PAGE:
A former employee at Sturtevant-based Andis Co. has agreed to plead guilty to stealing nearly $550,000 worth of product and selling it with her son and niece to barbershops in Mississippi, Georgia, Texas and Illinois.
Andis manufactures high-end hair clippers and blades. According to plea agreements filed Friday in the U.S. District Court for Eastern Wisconsin, Bettye Kidd worked at Andis as a lead material handler and worked with her son and niece in a scheme to ship items “out the back door.”
Kidd’s son, Franklin Allen of Quitman, Mississippi, would take orders from barbers for blades and clippers, telling them the prices were low because the products were purchased with an employee discount.
In reality, Kidd was stealing the products and printing additional UPS labels when filing legitimate orders. Using UPS and company records, investigators said the duo shipped more than 1,400 packages between September 2012 and January 2017. The company estimated those packages contained $545,000 in product and the company paid UPS more than $12,000 to ship them.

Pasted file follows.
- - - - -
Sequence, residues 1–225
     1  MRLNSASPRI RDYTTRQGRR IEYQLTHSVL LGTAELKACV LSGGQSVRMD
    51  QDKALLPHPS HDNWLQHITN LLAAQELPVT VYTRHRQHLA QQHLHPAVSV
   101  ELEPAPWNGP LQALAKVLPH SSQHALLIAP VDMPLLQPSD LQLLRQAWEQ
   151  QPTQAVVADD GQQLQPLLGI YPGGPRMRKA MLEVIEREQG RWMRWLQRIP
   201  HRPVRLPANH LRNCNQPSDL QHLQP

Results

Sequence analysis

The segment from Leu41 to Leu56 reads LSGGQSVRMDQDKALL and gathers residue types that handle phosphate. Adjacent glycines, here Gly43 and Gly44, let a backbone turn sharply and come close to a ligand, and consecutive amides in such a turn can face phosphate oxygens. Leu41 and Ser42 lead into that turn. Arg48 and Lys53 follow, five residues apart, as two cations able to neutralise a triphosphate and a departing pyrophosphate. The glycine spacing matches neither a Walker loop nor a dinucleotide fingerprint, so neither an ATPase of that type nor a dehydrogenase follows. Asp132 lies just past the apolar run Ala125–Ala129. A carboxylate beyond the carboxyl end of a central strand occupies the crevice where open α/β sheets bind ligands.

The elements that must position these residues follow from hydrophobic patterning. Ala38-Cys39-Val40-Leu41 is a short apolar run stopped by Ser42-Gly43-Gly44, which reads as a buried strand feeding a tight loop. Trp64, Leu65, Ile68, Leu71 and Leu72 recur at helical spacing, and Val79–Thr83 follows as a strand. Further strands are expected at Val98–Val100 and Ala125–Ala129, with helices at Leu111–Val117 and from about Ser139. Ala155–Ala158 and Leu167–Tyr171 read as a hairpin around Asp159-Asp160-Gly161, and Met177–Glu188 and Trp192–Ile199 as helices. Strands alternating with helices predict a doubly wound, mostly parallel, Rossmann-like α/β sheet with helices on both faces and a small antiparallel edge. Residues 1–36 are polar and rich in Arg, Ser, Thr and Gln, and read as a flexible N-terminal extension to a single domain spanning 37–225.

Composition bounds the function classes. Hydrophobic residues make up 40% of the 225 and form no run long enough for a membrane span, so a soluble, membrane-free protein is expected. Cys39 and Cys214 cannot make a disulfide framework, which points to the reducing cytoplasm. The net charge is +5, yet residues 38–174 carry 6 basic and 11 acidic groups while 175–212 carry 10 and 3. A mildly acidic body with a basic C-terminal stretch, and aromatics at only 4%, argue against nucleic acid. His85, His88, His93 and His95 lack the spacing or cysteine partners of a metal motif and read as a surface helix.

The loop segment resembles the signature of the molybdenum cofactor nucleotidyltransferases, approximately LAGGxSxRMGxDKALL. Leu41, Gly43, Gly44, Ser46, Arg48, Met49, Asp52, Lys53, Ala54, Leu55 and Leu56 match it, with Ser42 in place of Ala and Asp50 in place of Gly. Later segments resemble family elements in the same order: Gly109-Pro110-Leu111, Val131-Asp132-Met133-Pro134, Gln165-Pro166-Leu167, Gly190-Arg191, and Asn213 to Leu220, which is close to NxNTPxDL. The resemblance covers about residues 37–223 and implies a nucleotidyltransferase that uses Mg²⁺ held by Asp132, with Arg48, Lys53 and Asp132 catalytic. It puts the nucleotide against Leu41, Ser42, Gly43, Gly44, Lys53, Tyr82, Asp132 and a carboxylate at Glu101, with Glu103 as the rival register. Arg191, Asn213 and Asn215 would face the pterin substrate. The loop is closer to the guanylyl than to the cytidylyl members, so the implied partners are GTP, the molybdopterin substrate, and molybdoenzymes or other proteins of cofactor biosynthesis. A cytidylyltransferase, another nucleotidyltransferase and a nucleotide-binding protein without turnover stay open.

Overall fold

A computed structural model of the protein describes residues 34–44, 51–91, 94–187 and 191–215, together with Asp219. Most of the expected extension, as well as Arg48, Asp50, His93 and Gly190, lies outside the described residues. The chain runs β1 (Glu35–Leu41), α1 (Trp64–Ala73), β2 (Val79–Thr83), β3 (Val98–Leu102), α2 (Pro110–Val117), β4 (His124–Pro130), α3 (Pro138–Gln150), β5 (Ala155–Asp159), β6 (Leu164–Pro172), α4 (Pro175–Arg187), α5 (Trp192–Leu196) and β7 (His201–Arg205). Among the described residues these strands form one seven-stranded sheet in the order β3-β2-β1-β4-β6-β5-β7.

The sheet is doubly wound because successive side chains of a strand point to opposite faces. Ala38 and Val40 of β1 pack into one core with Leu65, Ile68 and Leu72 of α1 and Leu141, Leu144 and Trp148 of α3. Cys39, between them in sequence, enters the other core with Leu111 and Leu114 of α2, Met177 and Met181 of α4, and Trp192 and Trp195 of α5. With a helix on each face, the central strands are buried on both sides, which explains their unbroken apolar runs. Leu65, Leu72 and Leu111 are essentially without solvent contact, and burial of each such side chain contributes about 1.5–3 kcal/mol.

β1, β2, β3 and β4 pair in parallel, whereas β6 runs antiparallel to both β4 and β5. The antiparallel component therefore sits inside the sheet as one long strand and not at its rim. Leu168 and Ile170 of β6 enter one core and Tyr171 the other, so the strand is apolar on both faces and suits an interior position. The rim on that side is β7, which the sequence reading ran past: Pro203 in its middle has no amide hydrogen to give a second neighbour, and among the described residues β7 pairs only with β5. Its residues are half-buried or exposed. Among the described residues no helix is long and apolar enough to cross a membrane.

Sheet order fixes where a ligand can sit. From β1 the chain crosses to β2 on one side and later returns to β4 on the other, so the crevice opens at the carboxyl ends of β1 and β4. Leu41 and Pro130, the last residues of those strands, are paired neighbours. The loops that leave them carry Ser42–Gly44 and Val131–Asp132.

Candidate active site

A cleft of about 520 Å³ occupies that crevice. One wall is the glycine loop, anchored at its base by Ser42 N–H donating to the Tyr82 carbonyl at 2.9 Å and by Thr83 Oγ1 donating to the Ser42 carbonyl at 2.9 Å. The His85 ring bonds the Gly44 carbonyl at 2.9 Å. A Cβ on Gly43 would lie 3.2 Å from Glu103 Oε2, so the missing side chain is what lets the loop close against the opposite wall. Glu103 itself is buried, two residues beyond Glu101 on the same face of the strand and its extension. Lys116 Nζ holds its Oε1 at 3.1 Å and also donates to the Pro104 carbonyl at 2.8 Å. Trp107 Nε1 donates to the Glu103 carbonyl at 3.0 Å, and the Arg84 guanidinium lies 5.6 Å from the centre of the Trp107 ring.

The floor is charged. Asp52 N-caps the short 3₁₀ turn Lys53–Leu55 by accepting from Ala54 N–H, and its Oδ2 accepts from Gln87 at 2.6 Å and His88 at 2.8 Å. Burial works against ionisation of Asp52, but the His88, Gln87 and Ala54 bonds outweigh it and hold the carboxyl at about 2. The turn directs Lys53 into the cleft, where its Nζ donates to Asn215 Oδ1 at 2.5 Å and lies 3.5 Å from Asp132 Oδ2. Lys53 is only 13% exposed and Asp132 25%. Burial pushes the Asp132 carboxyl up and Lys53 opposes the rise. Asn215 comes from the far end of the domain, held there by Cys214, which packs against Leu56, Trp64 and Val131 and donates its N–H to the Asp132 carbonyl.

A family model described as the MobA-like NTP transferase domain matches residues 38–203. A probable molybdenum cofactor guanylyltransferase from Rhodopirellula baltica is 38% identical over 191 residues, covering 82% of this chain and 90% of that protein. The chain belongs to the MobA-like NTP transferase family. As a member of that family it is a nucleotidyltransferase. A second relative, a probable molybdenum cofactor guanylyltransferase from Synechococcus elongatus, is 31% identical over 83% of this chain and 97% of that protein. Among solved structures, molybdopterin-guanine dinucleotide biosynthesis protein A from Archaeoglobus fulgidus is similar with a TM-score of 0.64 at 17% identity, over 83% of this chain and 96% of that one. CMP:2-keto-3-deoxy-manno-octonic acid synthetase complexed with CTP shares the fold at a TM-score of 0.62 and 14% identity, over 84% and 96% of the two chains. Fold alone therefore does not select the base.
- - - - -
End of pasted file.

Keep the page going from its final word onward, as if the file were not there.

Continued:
Kidd was caught after Andis was notified a package destined for one of Kidd’s customers was waiting to be picked up by UPS. The company located the package and determined it contained products being shipped without its knowledge. The company’s surveillance system showed Kidd preparing the label.
When FBI investigators spoke to the recipients of the stolen products, some said they had been buying clippers and blades from Kidd and her son, known to them as Fat Rat, as far back as 2009.
Kidd also worked with her niece, Tracie Edmonson. The owner of a Mississippi barbershop contacted Edmonson after he could not contact Kidd. Over a three year period, Kidd sent 173 packages to the barbershop owner with $63,000 worth of product.
In October 2015, Kidd told Edmonson that Andis had changed its shipping process and the scheme would no longer work. Edmonson was no longer involved, but Kidd continued to sell to the same owner.
Kidd, Allen and Edmonson are all charged with one count of fraud and each has agreed to enter a guilty plea. They each face up to 10 years in prison and a $250,000 fine.